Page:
It has been revealed that the SEC is seeing a huge blow in the lawsuit against the SEC. Check out the latest reports about this below.
SEC sees a blow in the lawsuit against Binance.US
According to a recent report from Bloomberg, a US federal magistrate judge has denied the US Securities and Exchange Commission (SEC) the authority to examine the technical infrastructure of Binance’s American affiliate.
This is a setback for the regulator, as they had requested permission from Magistrate Judge Zia M. Faruqui on Monday to search through Binance.US’s software.
However, Faruqui rejected the idea, stating that he was not inclined to permit the inspection “at this time.” Bloomberg reports that the judge instructed the regulator to come back with more specific requests.
The SEC’s purpose in wanting to inspect the software was to potentially establish more links between Binance.US and Binance’s global firm, which is currently the largest exchange by trading volume in the world.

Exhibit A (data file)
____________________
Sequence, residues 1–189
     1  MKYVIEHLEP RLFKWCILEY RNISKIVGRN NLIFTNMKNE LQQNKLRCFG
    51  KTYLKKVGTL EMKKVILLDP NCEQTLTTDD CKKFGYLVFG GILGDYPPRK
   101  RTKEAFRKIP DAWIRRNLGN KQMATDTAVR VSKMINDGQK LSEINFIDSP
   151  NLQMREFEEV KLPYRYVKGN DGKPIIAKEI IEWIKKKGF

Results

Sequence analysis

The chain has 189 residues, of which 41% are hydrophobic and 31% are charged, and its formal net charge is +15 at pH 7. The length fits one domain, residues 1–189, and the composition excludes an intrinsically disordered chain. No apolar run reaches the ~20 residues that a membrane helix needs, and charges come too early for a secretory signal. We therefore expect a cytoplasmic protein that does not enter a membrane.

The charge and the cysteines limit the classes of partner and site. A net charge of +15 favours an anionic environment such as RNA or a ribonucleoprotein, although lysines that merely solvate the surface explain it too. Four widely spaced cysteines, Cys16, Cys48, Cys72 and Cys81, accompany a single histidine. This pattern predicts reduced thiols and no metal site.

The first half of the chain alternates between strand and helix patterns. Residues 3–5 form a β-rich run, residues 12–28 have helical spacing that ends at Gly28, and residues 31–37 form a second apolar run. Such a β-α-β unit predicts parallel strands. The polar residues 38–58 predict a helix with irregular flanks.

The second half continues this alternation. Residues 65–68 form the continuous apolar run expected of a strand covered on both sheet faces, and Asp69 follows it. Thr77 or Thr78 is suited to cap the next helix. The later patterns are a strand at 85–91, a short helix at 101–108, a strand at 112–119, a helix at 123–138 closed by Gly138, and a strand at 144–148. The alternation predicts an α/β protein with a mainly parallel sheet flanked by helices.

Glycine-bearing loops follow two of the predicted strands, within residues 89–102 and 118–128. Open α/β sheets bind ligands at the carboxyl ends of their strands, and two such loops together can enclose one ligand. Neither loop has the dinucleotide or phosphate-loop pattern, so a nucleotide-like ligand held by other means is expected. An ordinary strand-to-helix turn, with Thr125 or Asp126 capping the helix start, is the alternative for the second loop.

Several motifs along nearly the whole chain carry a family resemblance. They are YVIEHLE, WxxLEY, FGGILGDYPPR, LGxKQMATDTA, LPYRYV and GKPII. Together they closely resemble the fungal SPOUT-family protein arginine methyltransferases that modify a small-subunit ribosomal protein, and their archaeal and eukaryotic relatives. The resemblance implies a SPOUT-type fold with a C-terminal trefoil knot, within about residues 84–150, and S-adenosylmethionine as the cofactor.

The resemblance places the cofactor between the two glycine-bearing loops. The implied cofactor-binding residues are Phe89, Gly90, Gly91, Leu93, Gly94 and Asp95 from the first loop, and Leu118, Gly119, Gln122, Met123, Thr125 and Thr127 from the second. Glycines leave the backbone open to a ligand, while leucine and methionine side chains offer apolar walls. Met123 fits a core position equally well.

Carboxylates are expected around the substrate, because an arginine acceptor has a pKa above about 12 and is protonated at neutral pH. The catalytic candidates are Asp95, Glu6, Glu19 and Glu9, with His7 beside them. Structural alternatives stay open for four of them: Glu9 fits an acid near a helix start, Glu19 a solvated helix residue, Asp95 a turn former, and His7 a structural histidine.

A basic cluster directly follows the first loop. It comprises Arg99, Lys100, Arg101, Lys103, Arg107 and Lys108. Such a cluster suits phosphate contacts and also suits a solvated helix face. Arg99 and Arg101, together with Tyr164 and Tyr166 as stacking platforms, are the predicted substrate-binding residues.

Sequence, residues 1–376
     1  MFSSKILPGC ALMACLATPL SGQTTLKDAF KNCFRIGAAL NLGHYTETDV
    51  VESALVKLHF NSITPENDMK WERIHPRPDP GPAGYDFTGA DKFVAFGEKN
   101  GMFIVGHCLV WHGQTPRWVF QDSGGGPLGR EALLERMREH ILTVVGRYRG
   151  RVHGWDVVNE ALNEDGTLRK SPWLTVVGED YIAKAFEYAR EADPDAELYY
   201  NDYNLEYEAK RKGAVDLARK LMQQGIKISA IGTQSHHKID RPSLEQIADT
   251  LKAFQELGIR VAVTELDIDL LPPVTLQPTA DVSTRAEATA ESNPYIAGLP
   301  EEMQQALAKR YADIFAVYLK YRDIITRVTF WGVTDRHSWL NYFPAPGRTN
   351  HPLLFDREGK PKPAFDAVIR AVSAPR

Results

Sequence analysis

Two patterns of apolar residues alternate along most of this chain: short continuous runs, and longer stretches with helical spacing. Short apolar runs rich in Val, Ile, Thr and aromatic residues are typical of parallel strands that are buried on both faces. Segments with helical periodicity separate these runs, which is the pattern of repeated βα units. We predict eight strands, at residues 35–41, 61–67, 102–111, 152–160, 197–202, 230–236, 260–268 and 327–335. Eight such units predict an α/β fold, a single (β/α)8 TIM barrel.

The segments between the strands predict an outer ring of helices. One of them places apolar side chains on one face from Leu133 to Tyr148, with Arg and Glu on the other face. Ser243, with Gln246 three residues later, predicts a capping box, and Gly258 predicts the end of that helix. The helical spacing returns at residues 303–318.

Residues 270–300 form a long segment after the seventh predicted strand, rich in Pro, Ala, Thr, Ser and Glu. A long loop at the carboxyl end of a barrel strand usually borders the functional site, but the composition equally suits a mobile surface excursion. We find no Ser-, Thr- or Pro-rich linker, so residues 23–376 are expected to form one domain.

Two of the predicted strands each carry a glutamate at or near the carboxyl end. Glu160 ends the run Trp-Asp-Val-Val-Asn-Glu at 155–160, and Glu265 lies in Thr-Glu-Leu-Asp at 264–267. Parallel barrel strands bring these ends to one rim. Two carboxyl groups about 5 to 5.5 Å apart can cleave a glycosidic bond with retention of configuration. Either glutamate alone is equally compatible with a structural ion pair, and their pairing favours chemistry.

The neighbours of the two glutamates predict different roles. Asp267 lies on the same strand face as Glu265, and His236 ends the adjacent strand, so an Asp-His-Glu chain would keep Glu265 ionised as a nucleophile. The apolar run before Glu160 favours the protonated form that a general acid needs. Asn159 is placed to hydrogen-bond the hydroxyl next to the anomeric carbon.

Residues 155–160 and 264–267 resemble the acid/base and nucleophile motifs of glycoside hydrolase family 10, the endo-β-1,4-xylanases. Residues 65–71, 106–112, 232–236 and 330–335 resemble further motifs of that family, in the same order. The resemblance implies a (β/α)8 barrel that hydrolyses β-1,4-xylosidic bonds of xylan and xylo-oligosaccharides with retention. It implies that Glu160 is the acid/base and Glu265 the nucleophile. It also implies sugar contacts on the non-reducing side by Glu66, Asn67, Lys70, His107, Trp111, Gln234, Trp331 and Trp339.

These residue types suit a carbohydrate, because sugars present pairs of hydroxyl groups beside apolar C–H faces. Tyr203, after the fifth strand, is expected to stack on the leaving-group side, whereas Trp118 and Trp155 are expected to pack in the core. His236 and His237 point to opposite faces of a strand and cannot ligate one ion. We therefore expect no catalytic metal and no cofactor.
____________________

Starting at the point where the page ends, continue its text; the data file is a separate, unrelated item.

In June, the SEC filed lawsuits against Binance, its CEO Changpeng Zhao, and Binance.US, alleging that they were violating securities laws.
The same regulatory agency also sued Coinbase, the leading crypto exchange in the US, for similar reasons.
Later that month, Senators Elizabeth Warren of Massachusetts and Chris Van Hollen of Maryland accused Binance of lying to Congress, prompting them to ask the DOJ to investigate the exchange’s business practices.
After the SEC charges were announced, Binance.US suspended US dollar deposits and withdrawals.
SEC in the news
According to a recent blog post by a cryptocurrency exchange, the US Securities and Exchange Commission’s (SEC) regulatory approach is negatively affecting America.
The post expresses concern that while other countries are taking advantage of the economic benefits of cryptocurrency, the SEC’s enforcement-only strategy is resulting in the loss of millions of jobs and driving opportunities away.
Despite the SEC Chair’s testimony that domestic crypto exchanges lack regulation, the exchange argues that the SEC persists in its enforcement-only approach.